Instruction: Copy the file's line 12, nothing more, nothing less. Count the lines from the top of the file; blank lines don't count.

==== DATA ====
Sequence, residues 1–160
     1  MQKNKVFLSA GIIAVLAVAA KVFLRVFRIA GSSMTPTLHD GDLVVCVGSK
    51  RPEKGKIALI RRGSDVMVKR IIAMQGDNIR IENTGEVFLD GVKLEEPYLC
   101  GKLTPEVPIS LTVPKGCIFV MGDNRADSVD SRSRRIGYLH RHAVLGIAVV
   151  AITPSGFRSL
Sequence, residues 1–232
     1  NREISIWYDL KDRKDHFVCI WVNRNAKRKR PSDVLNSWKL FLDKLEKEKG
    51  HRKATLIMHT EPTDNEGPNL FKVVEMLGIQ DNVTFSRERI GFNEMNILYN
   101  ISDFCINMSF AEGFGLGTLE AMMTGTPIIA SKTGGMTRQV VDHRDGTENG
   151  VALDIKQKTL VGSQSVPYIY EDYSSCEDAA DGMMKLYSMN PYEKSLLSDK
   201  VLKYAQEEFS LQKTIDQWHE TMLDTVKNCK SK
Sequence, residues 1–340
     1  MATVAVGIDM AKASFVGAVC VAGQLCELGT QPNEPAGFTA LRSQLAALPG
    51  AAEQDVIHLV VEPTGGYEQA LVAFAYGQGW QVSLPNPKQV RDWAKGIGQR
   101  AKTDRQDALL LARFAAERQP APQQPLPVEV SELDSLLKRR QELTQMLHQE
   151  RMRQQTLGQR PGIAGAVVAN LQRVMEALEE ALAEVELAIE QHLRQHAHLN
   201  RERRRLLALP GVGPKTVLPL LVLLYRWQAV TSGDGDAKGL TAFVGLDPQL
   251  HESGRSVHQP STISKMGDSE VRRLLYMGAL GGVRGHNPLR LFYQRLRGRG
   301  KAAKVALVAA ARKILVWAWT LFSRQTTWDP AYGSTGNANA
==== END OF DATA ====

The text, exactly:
Sequence, residues 1–340